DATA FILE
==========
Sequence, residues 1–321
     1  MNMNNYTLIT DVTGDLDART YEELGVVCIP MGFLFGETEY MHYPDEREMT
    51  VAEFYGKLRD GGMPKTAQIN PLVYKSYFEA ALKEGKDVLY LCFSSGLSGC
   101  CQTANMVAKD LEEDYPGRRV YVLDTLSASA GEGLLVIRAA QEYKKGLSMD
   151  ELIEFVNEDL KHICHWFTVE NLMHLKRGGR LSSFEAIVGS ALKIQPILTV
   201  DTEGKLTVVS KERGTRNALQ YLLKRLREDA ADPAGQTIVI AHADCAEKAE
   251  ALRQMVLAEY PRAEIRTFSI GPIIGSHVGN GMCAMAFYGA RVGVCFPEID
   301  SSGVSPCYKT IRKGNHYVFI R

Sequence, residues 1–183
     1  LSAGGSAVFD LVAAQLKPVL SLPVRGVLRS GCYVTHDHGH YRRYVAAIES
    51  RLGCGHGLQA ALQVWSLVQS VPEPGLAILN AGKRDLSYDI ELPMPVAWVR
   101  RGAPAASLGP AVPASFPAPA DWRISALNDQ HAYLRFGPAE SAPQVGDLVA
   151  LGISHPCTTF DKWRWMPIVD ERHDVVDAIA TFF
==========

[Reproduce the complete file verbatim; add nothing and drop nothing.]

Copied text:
Sequence, residues 1–321
     1  MNMNNYTLIT DVTGDLDART YEELGVVCIP MGFLFGETEY MHYPDEREMT
    51  VAEFYGKLRD GGMPKTAQIN PLVYKSYFEA ALKEGKDVLY LCFSSGLSGC
   101  CQTANMVAKD LEEDYPGRRV YVLDTLSASA GEGLLVIRAA QEYKKGLSMD
   151  ELIEFVNEDL KHICHWFTVE NLMHLKRGGR LSSFEAIVGS ALKIQPILTV
   201  DTEGKLTVVS KERGTRNALQ YLLKRLREDA ADPAGQTIVI AHADCAEKAE
   251  ALRQMVLAEY PRAEIRTFSI GPIIGSHVGN GMCAMAFYGA RVGVCFPEID
   301  SSGVSPCYKT IRKGNHYVFI R

Sequence, residues 1–183
     1  LSAGGSAVFD LVAAQLKPVL SLPVRGVLRS GCYVTHDHGH YRRYVAAIES
    51  RLGCGHGLQA ALQVWSLVQS VPEPGLAILN AGKRDLSYDI ELPMPVAWVR
   101  RGAPAASLGP AVPASFPAPA DWRISALNDQ HAYLRFGPAE SAPQVGDLVA
   151  LGISHPCTTF DKWRWMPIVD ERHDVVDAIA TFF